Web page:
Recent CBI raids on NDTV co-founders Prannoy Roy and Radhika Roy invited condemnation in the media worldwide as an attack on free press and dissent. The New York Times (NYT) also carried an edit, titled “India’s Battered Press”, on the issue. Stung by the negative publicity its action received, the Government of India, seeking to counter the negative publicity, wrote to the Editor, NYT presenting its version. The NYT published the letter, sent by Press Information Officer and CBI in Press Information Bureau (PIB), and it is reproduced here:

Freedom of the Press in India

To the Editor:

“India’s Battered Press” (editorial, June 7) gives the impression that action is not being taken against other big loan defaulters and that the raids on NDTV’s founders were a part of a “vendetta” against the broadcaster. The editorial is one-sided and doesn’t consider the investigation history of the case against RRPR Holdings by different tax and law enforcement agencies in India since 2011.

The Central Bureau of Investigation is currently investigating over 100 criminal cases worth a total loan default of over $5 billion. Many of the leading loan defaulters are behind bars, their assets attached, and prosecutions are being pursued vigorously in the courts.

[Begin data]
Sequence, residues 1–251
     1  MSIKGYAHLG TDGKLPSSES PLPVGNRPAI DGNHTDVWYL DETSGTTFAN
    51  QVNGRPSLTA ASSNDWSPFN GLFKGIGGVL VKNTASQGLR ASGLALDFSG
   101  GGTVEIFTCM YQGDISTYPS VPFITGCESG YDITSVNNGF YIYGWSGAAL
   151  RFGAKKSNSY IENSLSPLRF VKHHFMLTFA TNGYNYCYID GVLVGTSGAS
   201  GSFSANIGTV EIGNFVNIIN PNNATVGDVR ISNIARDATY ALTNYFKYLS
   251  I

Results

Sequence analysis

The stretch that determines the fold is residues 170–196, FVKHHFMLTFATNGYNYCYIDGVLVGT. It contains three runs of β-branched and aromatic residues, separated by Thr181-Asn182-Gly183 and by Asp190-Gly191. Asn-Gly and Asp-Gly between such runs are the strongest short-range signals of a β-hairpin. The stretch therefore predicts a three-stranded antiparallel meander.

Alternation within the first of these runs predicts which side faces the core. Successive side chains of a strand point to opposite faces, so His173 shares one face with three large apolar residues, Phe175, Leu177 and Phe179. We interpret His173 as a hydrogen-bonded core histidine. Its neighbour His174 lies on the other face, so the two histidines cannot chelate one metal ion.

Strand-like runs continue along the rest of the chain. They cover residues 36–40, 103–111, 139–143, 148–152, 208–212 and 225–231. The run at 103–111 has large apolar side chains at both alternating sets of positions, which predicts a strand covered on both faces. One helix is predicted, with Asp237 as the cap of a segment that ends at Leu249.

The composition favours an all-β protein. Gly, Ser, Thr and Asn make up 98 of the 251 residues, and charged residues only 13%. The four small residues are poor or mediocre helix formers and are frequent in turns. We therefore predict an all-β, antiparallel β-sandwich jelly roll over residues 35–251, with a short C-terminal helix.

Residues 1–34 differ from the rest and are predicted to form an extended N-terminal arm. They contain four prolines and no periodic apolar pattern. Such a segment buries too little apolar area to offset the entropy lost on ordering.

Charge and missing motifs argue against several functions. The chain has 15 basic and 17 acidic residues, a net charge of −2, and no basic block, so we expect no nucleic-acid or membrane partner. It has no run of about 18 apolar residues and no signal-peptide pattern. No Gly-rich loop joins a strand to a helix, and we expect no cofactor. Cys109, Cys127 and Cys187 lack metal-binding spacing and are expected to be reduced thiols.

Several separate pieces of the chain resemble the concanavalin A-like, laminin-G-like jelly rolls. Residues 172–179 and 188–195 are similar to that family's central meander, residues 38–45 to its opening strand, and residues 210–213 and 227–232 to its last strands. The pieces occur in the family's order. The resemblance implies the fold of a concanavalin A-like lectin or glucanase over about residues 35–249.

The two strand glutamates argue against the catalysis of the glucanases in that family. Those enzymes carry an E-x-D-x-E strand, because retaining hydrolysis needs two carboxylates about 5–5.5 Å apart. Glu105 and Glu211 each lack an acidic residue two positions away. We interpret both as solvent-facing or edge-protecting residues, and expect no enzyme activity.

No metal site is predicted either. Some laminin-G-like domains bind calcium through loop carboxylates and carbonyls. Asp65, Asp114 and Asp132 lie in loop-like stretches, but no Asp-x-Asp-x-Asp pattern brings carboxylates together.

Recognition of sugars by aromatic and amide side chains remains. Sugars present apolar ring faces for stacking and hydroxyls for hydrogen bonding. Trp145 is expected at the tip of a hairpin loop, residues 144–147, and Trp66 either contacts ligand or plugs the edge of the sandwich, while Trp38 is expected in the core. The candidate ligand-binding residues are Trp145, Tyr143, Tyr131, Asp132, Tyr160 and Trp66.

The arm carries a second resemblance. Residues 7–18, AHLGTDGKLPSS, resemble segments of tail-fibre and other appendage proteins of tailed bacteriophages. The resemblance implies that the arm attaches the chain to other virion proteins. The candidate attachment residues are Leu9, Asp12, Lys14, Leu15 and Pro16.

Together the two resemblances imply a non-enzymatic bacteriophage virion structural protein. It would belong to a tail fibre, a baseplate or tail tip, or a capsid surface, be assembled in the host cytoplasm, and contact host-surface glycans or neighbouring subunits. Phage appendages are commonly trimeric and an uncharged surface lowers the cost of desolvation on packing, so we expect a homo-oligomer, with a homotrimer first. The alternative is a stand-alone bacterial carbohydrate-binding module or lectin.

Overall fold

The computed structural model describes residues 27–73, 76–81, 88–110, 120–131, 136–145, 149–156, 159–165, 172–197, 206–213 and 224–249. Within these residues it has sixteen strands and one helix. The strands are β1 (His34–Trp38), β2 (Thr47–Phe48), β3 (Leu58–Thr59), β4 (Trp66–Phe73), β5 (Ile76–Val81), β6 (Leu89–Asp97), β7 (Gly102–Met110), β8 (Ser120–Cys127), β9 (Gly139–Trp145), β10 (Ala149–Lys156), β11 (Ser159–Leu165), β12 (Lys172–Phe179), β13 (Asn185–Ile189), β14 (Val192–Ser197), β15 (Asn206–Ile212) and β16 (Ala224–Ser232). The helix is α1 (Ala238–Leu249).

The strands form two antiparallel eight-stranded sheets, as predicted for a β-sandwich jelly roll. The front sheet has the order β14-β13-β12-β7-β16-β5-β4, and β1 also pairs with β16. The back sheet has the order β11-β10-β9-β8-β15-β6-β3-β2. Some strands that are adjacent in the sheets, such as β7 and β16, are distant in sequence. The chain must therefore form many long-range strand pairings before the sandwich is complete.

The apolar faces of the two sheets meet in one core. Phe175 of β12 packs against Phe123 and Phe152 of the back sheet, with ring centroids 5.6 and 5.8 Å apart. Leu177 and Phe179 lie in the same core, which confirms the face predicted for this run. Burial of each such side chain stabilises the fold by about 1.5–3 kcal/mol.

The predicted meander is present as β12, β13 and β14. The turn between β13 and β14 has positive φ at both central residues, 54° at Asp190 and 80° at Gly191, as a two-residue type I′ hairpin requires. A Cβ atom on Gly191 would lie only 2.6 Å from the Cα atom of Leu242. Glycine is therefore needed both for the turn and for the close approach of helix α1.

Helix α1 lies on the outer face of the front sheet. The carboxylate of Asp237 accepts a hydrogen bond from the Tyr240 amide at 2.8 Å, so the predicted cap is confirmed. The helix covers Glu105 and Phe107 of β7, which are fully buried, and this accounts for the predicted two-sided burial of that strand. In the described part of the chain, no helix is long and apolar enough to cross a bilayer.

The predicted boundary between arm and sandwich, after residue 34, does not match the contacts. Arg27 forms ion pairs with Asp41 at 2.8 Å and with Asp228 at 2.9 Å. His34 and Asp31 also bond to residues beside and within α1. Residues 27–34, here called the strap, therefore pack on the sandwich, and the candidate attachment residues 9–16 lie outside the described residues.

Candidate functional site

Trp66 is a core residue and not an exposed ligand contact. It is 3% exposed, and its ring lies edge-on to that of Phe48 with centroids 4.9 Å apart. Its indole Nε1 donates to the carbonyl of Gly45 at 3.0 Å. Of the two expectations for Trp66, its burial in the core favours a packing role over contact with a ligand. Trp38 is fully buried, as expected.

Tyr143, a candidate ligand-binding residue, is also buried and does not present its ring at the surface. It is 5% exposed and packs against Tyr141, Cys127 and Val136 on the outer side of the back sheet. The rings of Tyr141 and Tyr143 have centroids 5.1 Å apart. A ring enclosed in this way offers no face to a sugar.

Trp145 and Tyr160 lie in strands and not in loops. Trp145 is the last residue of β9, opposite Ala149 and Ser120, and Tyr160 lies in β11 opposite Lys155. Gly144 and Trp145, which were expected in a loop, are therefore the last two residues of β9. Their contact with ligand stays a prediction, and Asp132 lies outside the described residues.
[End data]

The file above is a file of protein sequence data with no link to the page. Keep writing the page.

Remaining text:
The ICICI bank’s loss is merely tip of the iceberg. RRPR Holdings, the holding company of NDTV, is also being investigated for irregularities in the mobilization of funds used for loan repayment. There have also been serious defaults in tax payment.

Your editorial states that NDTV Hindi was taken off the air for a day for reporting on a sensitive attack on an air base. The decision was arrived at after a proper inquiry in which NDTV also participated. No democracy can allow the country’s security and public safety to be compromised by irresponsible reporting of terrorist incidents.

In this entire case due process of law is being followed. India has a robust and independent judiciary that strongly protects democratic freedom and that an aggrieved person can always approach. India does not require any lesson on freedom of the press from The Times. Our institutions and traditions are nurtured by our rich and diverse cultural heritage and democratic ethos.


The writer is the press information officer and spokesman for the Central Bureau of Investigation